What are you reading?

A weekly look over the shoulders of our scholar-reviewers

June 20, 2013

Harriet Dunbar-Morris, executive assistant (learning and teaching), University of Bath, is reading Victoria Hislop’s The Thread (Headline Review, 2011). “The third novel by Hislop I’ve read is even better than the previous two (The Island and The Return). She writes about difficult subject matter, but really pulls one into the story by establishing a connection between reader and characters. I knew nothing about the history of Thessaloniki, but this family saga, spanning a century of upheaval in Greece, had me looking forward to bedtime just so I could read more of the Komninos family’s story and live vicariously through the many troubled times they faced. Well-written, engaging history in novel form at its best.”

Small Wars, Far Away Places by Michael Burleigh

Stephen Halliday, panel tutor in history, Institute of Continuing Education, University of Cambridge, is reading Michael Burleigh’s Small Wars, Far Away Places: The Genesis of the Modern World, 1945-65 (Pan Macmillan, 2013). “An intriguing collection of accounts of often forgotten post-war and post-colonial conflicts, marred by strange asides, obscure references and the odd clumsy sentence, but well worth the reader’s effort.”

The Finkler Question by Howard Jacobson

Nigel Rodenhurst, disabled students’ allowance administrator at the University of Wales Trinity St David, is reading Howard Jacobson’s The Finkler Question (Bloomsbury, 2011). “Jacobson breathes new life into the familiar questions ‘Who and what is a Jew?’, in a novel in which a gentile is possibly (and possibly not) the victim of an anti-Semitic attack. Slightly old hat, but Jacobson’s compulsive storytelling and wit make it hard to put down.”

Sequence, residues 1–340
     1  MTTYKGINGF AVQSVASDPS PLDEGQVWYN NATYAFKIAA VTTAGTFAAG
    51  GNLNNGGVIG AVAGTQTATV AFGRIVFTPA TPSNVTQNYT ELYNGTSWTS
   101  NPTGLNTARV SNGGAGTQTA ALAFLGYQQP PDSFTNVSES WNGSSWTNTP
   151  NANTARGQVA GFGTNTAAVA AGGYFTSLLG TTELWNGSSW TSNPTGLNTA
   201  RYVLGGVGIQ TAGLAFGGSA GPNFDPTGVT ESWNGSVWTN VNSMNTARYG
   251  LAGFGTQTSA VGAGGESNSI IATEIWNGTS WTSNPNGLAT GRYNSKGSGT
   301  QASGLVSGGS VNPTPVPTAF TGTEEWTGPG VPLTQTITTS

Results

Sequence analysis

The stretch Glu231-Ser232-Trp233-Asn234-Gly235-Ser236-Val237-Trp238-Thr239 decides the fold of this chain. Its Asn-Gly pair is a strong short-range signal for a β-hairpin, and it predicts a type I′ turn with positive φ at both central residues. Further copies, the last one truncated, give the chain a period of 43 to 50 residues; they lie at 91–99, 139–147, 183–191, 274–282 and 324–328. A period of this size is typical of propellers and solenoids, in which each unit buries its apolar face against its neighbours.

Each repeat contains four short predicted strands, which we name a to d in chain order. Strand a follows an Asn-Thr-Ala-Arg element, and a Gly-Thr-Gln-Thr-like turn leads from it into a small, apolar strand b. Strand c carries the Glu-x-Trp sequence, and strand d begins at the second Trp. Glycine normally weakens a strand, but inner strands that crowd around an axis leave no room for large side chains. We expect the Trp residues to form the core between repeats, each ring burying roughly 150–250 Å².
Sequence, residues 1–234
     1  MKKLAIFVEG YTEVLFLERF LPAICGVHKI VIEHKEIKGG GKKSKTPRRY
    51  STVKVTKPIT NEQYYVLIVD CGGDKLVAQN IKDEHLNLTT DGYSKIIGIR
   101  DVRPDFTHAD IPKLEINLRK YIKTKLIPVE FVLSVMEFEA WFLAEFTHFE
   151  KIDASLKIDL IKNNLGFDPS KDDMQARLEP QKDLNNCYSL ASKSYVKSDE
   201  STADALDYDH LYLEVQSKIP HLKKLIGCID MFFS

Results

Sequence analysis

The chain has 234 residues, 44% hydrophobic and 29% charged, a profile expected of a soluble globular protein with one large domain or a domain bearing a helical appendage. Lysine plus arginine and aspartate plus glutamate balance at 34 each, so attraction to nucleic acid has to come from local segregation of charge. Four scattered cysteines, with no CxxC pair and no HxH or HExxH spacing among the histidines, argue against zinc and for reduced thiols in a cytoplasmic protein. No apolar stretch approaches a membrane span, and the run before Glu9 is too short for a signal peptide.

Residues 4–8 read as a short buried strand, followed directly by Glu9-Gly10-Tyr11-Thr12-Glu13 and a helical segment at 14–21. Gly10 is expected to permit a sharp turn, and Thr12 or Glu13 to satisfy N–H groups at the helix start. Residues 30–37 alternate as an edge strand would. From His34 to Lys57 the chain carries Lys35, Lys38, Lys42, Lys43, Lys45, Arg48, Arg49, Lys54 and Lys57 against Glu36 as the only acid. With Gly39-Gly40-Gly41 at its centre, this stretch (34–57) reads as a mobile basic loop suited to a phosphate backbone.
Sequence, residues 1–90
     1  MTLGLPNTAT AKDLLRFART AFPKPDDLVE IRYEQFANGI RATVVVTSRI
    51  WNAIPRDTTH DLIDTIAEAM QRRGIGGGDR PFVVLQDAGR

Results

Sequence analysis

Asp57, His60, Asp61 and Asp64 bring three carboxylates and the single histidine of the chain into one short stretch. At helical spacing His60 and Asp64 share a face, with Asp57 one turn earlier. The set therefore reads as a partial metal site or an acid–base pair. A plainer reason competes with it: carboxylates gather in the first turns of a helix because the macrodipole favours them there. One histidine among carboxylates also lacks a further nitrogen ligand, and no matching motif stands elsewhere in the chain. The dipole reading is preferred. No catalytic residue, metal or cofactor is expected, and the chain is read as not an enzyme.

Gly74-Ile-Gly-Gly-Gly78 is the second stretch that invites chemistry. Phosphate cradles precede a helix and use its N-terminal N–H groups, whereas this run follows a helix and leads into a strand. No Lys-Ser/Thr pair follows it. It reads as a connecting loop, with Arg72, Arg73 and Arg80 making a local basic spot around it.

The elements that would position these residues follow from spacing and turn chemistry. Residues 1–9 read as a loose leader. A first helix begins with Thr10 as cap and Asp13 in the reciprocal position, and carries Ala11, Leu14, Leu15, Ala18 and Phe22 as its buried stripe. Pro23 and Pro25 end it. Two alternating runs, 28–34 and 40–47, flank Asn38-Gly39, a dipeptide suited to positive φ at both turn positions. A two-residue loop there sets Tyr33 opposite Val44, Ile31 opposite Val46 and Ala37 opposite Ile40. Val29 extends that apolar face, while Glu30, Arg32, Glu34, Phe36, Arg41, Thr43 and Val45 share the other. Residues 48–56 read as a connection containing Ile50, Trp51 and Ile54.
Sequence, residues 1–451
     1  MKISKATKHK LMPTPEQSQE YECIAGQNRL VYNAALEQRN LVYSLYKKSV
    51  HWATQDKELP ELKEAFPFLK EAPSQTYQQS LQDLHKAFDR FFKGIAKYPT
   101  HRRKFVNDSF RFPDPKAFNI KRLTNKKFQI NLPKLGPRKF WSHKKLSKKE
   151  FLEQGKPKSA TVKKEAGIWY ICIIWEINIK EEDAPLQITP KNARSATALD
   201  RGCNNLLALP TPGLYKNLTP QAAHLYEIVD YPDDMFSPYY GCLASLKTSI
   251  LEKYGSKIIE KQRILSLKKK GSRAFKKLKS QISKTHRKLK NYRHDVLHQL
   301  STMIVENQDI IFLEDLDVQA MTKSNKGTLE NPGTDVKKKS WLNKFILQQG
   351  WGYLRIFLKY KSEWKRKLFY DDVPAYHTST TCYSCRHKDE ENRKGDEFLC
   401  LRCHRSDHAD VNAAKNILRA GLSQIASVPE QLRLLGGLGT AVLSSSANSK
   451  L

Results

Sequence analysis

Commitment by Olav Maassen, Chris Matts and Chris Geary

Bruce Scharlau, senior teaching fellow in computing science, University of Aberdeen, is reading Olav Maassen, Chris Matts and Chris Geary’s Commitment: A Novel about Managing Project Risk (Hathaway te Brake Publications, 2013). “Commitment stays with you. This graphic business novel about a failing project shows you the implications of the three rules of ‘real options’. Along the way you see that ‘options have value; options expire; and never commit early unless you know why’. You will see options instead of commitments when you’re done.”

They Were Counted by Miklós Bánffy

Sharon Wheeler, senior lecturer in journalism, University of Portsmouth, is reading Miklós Bánffy’s They Were Counted (Arcadia, 2009). “This novel is a total immersion in the social and political world of 19th-century Hungary and the Balkans. Your mileage may vary, though, as to how much you care about the aristocratic cousins through whose eyes the story is told. There are two more books after this sprawling epic – if I’m not back by Christmas, send out a search party.”

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